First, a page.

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Turbine numbers set to double  

The number of wind turbines in Fermanagh will more-than double if all current planning applications are approved. Concerns that more wind turbines will destroy Fermanagh’s natural beauty have been considered in a Department of Environment (DOE) document, however targets stipulate that Northern Ireland must generate 40 percent of its electricity from indigenous renewable sources by 2025 and wind power is expected to go some way towards meeting that target.

SDLP MLA Tommy Gallagher has called for the applications to be granted only if they do not have “a negative impact on scenery or tourism potential in the future”.

The latest application submitted to the Planning Service, to erect five wind turbines at Teiges Mountain outside Brookeborough will bring the total number of proposed new turbines to 70.

There are 54 wind turbines in operation or currently under construction throughout Fermanagh. These turbines have the capacity to generate a total of 102 MW (megawatts), which is the equivalent of powering approximately 62,200 homes.

Ten turbines are in operation on Slieve Rushen, Derrylin and 18 more are under construction. These turbines can generate 59 MW. Callagheen wind farm, Belleek has 13 turbines with the capacity to generate 22.75 MW and Tappaghan wind farm, Lack has 13 turbines which generate 19.5 MW.

Proposed turbines include one at Ballyreagh, Tempo; five at Teiges Mountain, Brookeborough; eight at Gortgall, Boho; nine at Tulliniod, Derrygonnelly; 10 at Belmore Mountain, Belcoo; 11 at Old Barr, Boho and 13 at Ora More, Belcoo. An extension of six turbines is planned for Callagheen wind farm and seven turbines are to be added to the existing Tappaghan wind farm. Together these 70 new turbines could generate 155.35 MW of electricity, which is the equivalent of powering approximately 94,700 homes.

The DOE’s “Wind Energy Development in Northern Ireland’s Landscapes, Supplementary Planning Guidance” document claims:

“Slieve Rushen which is currently under construction includes the construction of extensive tarmaced access roads. It is the largest existing or contested wind farm in Northern Ireland with 125 metre high turbines occupying a prominent site on the North Eastern flanks of the domed top of Slieve Russel.

“When completed it is likely to dominate the landscape of this relatively small area and be visible from Enniskillen and much of Lower Lough Erne at distances of 10-15 kilometres.”

The document continues:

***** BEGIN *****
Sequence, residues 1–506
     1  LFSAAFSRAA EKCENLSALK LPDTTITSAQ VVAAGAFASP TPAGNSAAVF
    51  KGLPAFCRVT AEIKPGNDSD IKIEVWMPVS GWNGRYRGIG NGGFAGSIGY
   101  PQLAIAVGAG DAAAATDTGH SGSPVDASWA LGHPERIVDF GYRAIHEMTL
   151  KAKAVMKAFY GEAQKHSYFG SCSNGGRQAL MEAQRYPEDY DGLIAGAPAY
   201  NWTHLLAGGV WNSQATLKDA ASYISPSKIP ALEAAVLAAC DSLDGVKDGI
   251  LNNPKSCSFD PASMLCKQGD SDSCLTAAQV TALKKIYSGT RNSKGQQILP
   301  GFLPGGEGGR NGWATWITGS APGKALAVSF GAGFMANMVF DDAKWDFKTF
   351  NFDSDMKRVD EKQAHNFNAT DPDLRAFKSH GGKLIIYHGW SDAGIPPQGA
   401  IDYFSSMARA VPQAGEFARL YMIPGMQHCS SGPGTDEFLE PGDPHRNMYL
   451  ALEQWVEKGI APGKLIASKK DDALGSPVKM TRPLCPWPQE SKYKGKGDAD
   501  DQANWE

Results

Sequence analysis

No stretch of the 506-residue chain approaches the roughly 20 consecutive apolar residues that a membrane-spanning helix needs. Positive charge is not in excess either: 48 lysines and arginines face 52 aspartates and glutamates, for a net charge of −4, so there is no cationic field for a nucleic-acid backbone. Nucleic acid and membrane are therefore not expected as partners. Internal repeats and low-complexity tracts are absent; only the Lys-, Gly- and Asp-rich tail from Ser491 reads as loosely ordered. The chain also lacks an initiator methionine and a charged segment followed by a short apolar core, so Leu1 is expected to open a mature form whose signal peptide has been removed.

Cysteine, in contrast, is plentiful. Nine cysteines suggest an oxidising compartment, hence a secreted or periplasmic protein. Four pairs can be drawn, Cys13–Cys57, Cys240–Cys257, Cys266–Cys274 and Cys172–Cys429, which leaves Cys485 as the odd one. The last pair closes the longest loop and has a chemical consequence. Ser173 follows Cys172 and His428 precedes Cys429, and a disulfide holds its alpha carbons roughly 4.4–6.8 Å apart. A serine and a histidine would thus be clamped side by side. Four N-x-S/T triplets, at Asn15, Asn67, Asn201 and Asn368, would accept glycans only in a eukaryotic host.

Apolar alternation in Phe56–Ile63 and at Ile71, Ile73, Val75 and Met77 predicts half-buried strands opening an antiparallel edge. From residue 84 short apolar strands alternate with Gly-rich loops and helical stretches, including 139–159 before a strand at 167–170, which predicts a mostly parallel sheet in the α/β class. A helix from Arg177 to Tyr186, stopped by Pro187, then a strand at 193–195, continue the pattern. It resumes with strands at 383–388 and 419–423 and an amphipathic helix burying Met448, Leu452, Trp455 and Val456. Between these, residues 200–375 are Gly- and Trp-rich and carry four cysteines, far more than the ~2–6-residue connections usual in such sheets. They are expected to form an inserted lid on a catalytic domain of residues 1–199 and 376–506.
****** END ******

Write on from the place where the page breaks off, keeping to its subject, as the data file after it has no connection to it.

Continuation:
“If all of these applications were contested they would affect the character and skyline of key adjoining landscape and recreational features, notably Lough MacNean Upper and Lower and Cuilcagh (including the Marble Arch Caves). Development could also affect several important tourism gateways from the Republic of Ireland.

“Issues to be considered include the cumulative impacts associated with transboundary wind farm developments in counties Donegal, Leitrim and Cavan.”

SDLP MLA Tommy Gallagher commented:

“Yes we need more wind turbines in Fermanagh provided development is appropriate. We are still behind in our targets in relation to reducing carbon emissions.

“There is more we can do, we need to use alternative materials including wind and tide power. Development has to be balanced, that’s very important in Fermanagh because we have assets such as scenic beauty and the potential for tourism.”

He added: “With the price of oil rising and with all the concerns around climate change it is important to develop alternative energy sources. We have better potential than most for energy from wind and waves. We can develop this and at the same time protect our scenery and natural beauty.

“Wind turbines are very beneficial in reducing our dependence on Carbon.”
Mr. Gallagher concluded: “We now have a single electricity market on the island so it is important that we co-operate across the island so that by 2025 we meet our target of generating 40 per cent of our electricity from renewable resources.”

The Impartial Reporter

This article is the work of the source indicated. Any opinions expressed in it are not necessarily those of National Wind Watch.

The copyright of this article resides with the author or publisher indicated. As part of its noncommercial effort to present the environmental, social, scientific, and economic issues of large-scale wind power development to a global audience seeking such information, National Wind Watch endeavors to observe “fair use” as provided for in section 107 of U.S. Copyright Law and similar “fair dealing” provisions of the copyright laws of other nations. Send requests to excerpt, general inquiries, and comments via e-mail.

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